LANDSCAPE PAINTING TIPS
5 things to know
Landscape sketching can be a wonderful and relaxing way to connect with nature and improve your artistic skills.
The act of sketching in nature can be as rewarding as the final result. Whether you’re a beginner or an experienced artist, in this blog we will share some tips that we picked up whilst filming our landscape sketching course with Ian Fennelly so that you too, can become a landscape artist.
Choose the Right Location
Nature offers an endless array of inspiring landscapes: from rolling hills to serene lakeshores, lush forests to arid deserts. Choose a place that resonates with you, where you can immerse yourself in the beauty of the surroundings. walk around a little until you find a scene that truly catches your eye.
The key is to find a place that captivates you, has a good space of sense and depth and doesn’t look too flat. Try looking for a scene that is ‘easy to read’ and isn’t too big of a space. When searching for locations in Rural Sketch Course, there were a few scenes that Ian didn’t pick for various reasons.
“When I really looked at the scene it didn’t have enough going on. The hills are flat, they’ve haven’t got enough visual interest and there’s no elevation. The middle ground is very ambigious and is just a mass of greenery. It’s all the same shape, colour, tonal value and texture.”
– Ian Fennelly
Choose a focal point
When starting your landscape drawing, select a single subject in your composition (ideally something in the foreground) to focus on.
There can be several points of interest in a drawing but usually only one focal point. Don’t get bogged down with intricate details too early in the process.
Ian normally creates a ‘pre-sketch’ first to explore his composition and to decide on focus points.
It can be a tree, a plant, a wall, gate, bird — anything about the scene that strikes your fancy. This will give the rest of your drawing something to relate to, and it’ll ensure the scale of the landscape is correct. Trust me, this simple starting technique changes everything.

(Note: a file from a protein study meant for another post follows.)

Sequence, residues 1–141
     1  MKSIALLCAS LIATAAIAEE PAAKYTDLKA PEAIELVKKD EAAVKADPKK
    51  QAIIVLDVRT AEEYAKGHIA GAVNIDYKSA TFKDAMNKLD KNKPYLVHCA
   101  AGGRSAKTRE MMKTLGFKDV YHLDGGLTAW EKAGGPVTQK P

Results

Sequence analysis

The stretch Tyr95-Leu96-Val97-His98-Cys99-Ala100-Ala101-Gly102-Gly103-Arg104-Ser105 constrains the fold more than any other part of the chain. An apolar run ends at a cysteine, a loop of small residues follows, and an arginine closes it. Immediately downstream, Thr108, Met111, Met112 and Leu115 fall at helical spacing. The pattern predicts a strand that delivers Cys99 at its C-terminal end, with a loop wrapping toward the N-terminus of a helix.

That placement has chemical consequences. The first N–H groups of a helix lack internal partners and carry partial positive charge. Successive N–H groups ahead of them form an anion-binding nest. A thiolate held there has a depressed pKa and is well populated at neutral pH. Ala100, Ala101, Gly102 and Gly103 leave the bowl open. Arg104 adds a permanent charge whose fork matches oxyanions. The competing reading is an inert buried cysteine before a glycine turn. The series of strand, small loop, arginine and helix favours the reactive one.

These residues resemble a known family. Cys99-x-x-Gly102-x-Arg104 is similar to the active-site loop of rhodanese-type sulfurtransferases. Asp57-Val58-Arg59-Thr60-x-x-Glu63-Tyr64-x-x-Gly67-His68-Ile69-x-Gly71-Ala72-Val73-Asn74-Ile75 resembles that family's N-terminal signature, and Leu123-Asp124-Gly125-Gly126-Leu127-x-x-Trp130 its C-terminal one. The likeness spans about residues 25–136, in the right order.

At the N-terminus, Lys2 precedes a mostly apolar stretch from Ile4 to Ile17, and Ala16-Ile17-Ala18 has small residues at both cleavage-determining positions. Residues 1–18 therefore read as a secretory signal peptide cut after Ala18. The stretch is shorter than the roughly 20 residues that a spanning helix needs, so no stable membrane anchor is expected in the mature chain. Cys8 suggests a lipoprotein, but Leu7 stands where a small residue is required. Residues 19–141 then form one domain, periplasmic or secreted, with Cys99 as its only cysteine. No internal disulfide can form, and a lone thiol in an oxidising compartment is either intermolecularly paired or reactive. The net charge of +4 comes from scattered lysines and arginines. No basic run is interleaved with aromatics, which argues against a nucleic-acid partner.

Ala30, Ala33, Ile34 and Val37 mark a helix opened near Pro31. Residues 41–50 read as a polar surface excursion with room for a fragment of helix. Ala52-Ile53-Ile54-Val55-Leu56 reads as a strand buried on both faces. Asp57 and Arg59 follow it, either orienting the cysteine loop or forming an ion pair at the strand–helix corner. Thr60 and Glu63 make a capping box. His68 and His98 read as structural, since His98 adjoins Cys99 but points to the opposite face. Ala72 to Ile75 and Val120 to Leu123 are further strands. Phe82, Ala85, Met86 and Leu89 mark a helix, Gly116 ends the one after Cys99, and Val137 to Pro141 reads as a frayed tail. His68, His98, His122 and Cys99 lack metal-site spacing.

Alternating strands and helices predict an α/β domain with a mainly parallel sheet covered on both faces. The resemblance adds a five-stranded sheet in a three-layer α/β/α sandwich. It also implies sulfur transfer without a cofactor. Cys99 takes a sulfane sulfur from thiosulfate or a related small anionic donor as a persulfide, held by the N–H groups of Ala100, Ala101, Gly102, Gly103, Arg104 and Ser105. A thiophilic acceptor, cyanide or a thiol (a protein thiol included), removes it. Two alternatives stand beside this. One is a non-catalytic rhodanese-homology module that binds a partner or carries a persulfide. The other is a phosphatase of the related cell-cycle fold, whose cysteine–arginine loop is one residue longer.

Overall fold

Observe and Study
Spend some time observing the scene before you start sketching. Take note of the lighting, shadows, textures, and colors. Pay attention to how these elements change over time as the light shifts and the day progresses.
You might also want to consider what time of day you would like to sketch in as the lighting will be so different throughout the day.
Quick Natural Details
Nature scenes can be fairly busy with lots of leaves, grass, and smaller details. It would be impossible to capture every single one realistically so try experimenting with abstract methods for creating trees, leaves, branches and grass.
Remember to vary up your detail sizes and to show a good variation of size, pattern and texture.
Layer by Layer
Think of your scene as a layered photo. Your background is just as important as your foreground. You want to make sure that you’re capturing all of the glorious mountains, and hills but still drawing attention to the plants and grass at the front of your scene.
“Landscapes are about trying to create that space with layers. Layers that you can draw, layers that you can add tone too and layers where you can add texture. All of the workshops in Rural Sketch Course will help you to capture layers in different ways and will explore the elements of foreground, middleground and background.”
– Ian Fennelly
Your goal should be to capture the essence and beauty of the landscape as you see and interpret it. Landscape sketching is a beautiful way to connect with nature and unleash your creativity. Whether you’re seeking tranquillity, artistic growth, or a deeper connection with the outdoors, sketching landscapes offers a fulfilling and rewarding experience.
So, grab your sketching kit, head out into nature, and start capturing the breathtaking beauty of the world around you—one sketch at a time.
Ready to learn more?
Rural Sketch Course
In this remarkable new online course, you’ll embark on an uplifting learning journey with Ian Fennelly. Together you’ll explore the spectacular views of the British Lake District as Ian shares his finest secrets for crafting stunning landscape sketches.